Many companies today have created a lucrative business from their users’ personal information. In fact, many tech companies allow advertisers to target users based on demographics, search history and preferences. And, for the most part, companies could largely do what they pleased with consumer data - until now.

While compliance with this legislation may feel daunting, amendments have been made to the law to make certain aspects easier. For example, HR information and personal information in the context of B2B communications have been exempted from the law until 2021. Over the next few months, businesses will look to Silicon Valley and big tech companies to take the lead in CCPA compliance - they have the money, the manpower and the technology to do so, in vast comparison to their startup counterparts.

Impact of this regulation on a larger scale

While there are state-specific notification laws surrounding how companies need to respond in the event of a data breach, Congress has yet to pass federal legislation addressing how companies are to gather and use consumer data. However, with the GDPR going into effect last year, Europe is ahead of the game in ensuring that consumers are protected. The GDPR currently serves as the gold standard (and the most stringent) of data privacy laws.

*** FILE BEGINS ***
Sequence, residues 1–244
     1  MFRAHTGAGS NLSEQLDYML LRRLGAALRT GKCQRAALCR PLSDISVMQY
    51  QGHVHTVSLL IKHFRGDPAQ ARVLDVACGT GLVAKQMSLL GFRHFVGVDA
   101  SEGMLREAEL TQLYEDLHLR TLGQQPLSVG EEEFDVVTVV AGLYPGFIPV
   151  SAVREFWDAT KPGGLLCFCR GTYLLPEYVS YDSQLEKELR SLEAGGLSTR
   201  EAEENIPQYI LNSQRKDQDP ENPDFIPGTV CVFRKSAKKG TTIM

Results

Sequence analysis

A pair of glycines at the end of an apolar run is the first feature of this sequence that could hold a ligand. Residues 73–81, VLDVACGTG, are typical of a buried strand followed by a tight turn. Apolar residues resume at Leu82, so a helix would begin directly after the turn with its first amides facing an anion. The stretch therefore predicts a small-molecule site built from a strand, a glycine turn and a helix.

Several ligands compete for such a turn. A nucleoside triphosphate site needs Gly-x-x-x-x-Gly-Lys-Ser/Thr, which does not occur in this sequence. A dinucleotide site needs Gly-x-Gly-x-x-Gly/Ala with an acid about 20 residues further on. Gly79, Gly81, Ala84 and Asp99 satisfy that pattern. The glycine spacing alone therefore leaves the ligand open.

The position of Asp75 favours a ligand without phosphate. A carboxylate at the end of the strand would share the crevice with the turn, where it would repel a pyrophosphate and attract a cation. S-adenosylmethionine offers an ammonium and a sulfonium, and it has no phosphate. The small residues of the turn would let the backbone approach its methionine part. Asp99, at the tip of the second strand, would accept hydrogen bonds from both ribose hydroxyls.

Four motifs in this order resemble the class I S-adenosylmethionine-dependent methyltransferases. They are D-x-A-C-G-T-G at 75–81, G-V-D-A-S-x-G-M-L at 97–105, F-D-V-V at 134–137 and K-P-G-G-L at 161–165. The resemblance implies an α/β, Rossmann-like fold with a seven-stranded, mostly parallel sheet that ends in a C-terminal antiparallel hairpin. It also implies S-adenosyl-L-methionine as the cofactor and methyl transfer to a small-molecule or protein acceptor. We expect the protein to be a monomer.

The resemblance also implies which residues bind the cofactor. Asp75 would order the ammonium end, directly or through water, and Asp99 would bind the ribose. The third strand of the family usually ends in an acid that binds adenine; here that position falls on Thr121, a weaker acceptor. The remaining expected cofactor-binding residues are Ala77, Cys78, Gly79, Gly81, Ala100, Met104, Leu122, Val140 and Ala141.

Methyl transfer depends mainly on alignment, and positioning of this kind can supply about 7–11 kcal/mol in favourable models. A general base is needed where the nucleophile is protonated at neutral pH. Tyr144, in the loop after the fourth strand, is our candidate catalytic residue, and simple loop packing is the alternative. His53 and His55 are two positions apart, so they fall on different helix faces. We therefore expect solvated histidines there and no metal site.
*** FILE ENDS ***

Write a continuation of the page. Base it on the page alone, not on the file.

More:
In the United States, state-level momentum for comprehensive privacy bills is at an all-time high. Soon after the California Consumer Privacy Act passed in 2018, multiple states proposed similar legislation to protect consumers within their own borders. Nevada and Maine have already passed their own laws while New York, Hawaii, Massachusetts and Washingtonare all considering their own laws with varying degrees of austerity and imminence.

Generally, businesses across the U.S. should use California’s new legislation to get a head-start on preparing for any new regulation that might be coming to their home state or at a federal level. When enacted and incorporated correctly, this type of regulation has the potential to have a positive influence on both consumers and corporations alike.

Learn more about the CCPA and access useful resources that can help businesses adapt and become compliant in time for the new legislation here.

Adam Prince, Vice President Of Product Management, Compliance, Brexit and Migration, Sage